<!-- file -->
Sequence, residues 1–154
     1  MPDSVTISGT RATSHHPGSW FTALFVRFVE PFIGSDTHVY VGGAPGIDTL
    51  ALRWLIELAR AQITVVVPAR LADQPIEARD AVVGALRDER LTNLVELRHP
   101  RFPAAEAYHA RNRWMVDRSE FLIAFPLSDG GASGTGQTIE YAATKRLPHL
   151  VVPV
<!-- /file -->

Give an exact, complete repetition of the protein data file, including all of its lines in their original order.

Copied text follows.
Sequence, residues 1–154
     1  MPDSVTISGT RATSHHPGSW FTALFVRFVE PFIGSDTHVY VGGAPGIDTL
    51  ALRWLIELAR AQITVVVPAR LADQPIEARD AVVGALRDER LTNLVELRHP
   101  RFPAAEAYHA RNRWMVDRSE FLIAFPLSDG GASGTGQTIE YAATKRLPHL
   151  VVPV